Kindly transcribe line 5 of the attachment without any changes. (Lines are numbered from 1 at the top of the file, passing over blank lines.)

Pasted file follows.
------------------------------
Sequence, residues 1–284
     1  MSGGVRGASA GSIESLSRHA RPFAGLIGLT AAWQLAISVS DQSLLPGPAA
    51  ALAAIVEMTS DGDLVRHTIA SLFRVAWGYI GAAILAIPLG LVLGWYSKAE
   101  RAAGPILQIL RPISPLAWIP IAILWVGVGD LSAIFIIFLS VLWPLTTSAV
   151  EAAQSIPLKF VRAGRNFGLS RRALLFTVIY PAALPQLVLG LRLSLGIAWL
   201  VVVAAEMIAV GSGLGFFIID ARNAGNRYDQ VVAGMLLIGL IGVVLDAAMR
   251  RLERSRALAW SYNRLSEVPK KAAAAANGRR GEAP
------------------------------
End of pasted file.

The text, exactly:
   151  EAAQSIPLKF VRAGRNFGLS RRALLFTVIY PAALPQLVLG LRLSLGIAWL